Not only did the school have the space Boyd needed, but Consolati also suggested offering childcare at the high school, "so that for five dollars a performance, young couples could bring their kids ages two through eight and leave them in the nursery." In addition, they agreed to admit children under 13 free to any performance with an adult paying full price, and to offer half-price admission to kids 14 and older. In this way, they reasoned that theater in Sheffield could become a family habit. In her desire to attract new young audiences, however, Boyd has not conceded to doing plays that would appeal only to the young. "We did the plays we wanted to do. If they had explicit language or material, we would say so, and tell parents to use their own judgment."
The resulting theater--The Barrington Stage Company--has been a success from the moment it appeared in 1995. In its first season, its The Diary Of Anne Frank won an Elliott Norton/Boston Theatre Critics Award for outstanding production. In its third season, Cabaret won two Norton/Boston Awards, four Outer Critics Awards, and moved east from the Berkshires to Boston's Hasty Pudding Theatre for a successful commercial run. "We don't consider ourselves a summer theater," says Boyd, who casts her seasons almost entirely out of New York's immense pool of talent. "We are a quality theater that performs in the summer."
This insistence on quality has paid off. In six years of operation, BSC has tripled its budget. While the company generally offers a big, commercial-type musical, along with a comedy or two, many of their offerings are smaller pieces that make demands on audience perceptions and conventions. This year, for instance, it will produce its first mainstage world premiere with Suzanne Bradbeer's Full Bloom, a chilling look at the effect our culture's obsession with beauty has on a beautiful young girl. "Everything is drawing me to kids," says Boyd, of her decision to do the play. "We're just not taking care of our youth."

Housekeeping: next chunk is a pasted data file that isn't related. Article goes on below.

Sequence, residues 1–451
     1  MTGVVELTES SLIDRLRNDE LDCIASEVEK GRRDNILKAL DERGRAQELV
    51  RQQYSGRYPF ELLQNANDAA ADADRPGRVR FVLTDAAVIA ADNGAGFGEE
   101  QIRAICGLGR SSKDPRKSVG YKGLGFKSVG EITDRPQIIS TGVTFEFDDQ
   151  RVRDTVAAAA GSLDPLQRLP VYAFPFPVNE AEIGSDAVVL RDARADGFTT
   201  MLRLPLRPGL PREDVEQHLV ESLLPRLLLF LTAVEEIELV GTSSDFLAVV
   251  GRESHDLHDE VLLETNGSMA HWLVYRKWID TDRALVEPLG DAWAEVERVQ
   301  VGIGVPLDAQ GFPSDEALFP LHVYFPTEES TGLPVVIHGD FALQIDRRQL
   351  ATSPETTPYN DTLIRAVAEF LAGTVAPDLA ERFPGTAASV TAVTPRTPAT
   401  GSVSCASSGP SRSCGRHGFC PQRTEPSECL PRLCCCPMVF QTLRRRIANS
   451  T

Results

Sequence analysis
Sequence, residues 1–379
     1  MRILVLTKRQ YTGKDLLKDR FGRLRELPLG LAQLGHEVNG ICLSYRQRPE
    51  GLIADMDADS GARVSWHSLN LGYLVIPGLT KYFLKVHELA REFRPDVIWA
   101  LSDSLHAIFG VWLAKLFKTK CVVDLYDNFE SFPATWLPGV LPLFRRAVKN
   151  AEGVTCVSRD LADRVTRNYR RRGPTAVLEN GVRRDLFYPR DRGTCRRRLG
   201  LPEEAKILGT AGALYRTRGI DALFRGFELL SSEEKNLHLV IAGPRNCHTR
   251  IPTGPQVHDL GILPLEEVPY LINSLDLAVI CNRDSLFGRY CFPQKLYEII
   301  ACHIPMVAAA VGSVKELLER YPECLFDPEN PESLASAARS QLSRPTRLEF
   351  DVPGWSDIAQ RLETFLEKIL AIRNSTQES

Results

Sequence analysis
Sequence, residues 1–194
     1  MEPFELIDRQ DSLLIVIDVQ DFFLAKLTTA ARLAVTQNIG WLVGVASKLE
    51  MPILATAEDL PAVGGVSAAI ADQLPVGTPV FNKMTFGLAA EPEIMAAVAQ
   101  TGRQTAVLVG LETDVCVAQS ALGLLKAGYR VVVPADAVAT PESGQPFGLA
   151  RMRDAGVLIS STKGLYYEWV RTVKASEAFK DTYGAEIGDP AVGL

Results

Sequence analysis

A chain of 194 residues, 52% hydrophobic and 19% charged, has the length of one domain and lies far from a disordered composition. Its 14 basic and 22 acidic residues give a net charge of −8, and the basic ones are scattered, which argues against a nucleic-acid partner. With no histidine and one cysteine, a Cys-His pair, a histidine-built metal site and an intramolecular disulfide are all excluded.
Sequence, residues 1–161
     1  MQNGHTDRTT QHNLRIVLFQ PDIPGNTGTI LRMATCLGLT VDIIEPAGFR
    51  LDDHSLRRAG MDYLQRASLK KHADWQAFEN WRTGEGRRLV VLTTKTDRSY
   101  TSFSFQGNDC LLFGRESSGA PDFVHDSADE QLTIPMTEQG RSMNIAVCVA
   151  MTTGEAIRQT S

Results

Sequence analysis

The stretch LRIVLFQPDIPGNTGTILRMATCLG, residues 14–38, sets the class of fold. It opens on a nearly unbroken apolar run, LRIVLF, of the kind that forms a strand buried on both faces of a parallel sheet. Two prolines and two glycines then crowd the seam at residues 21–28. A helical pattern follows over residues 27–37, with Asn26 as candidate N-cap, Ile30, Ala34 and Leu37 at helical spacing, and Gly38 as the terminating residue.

It was this attitude that also drew her to engage some of Great Barrington's at-risk students into a theatrical investigation of the many issues that now face our teenagers. The result of their voyage of discovery was a production of Eric Bogosian's Suburbia, which played to sold-out houses. The teenagers involved went on to form their own non-profit, the Railroad Street Youth Project. The play and its cast will return this summer as a part of BSC's Stage II series, which teams professionals with local actors in a series of three plays.
In addition, Barrington Stage has both a summer acting program called KidsAct! for students aged eight to 17, and a youth theater that allows local students to work with a professional director and choreographer. Amazingly, every student and every local actor in Stage II and youth theater productions are paid. "They're used to doing this for nothing," remarks Boyd, but she has no intention of being a part of the potentially exploitative tendency of professional theaters to take advantage of the desires and dreams of students and community actors. "I am so tired of working for nothing," she says simply.
Like any artistic director, Boyd has to argue every decision that she makes with a Board that asks tough questions, such as whether she has the financial resources or the staff to accomplish a project. "People don't realize how much work it is. The summer season is only a few months, but the work goes on all year." How does she manage it? "Chutzpah." She then adds that when she asked a friend for some words of wisdom on running a regional summer theater, "She said, no matter how much energy you think you need, it's twice as much. It needs twice as much time, twice as much everything." But that doesn't phase Julianne Boyd. She's already running off to the next rehearsal.